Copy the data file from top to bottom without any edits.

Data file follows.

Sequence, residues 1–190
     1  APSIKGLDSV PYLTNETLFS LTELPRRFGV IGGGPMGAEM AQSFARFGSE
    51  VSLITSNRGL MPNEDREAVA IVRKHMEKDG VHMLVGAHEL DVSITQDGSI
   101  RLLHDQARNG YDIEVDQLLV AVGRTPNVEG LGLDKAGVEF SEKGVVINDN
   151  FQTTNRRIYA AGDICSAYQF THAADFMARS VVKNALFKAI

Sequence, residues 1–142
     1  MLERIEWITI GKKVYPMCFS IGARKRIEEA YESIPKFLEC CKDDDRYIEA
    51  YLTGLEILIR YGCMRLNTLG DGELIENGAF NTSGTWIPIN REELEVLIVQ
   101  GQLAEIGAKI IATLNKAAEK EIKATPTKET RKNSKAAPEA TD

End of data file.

Sequence, residues 1–190
     1  APSIKGLDSV PYLTNETLFS LTELPRRFGV IGGGPMGAEM AQSFARFGSE
    51  VSLITSNRGL MPNEDREAVA IVRKHMEKDG VHMLVGAHEL DVSITQDGSI
   101  RLLHDQARNG YDIEVDQLLV AVGRTPNVEG LGLDKAGVEF SEKGVVINDN
   151  FQTTNRRIYA AGDICSAYQF THAADFMARS VVKNALFKAI

Sequence, residues 1–142
     1  MLERIEWITI GKKVYPMCFS IGARKRIEEA YESIPKFLEC CKDDDRYIEA
    51  YLTGLEILIR YGCMRLNTLG DGELIENGAF NTSGTWIPIN REELEVLIVQ
   101  GQLAEIGAKI IATLNKAAEK EIKATPTKET RKNSKAAPEA TD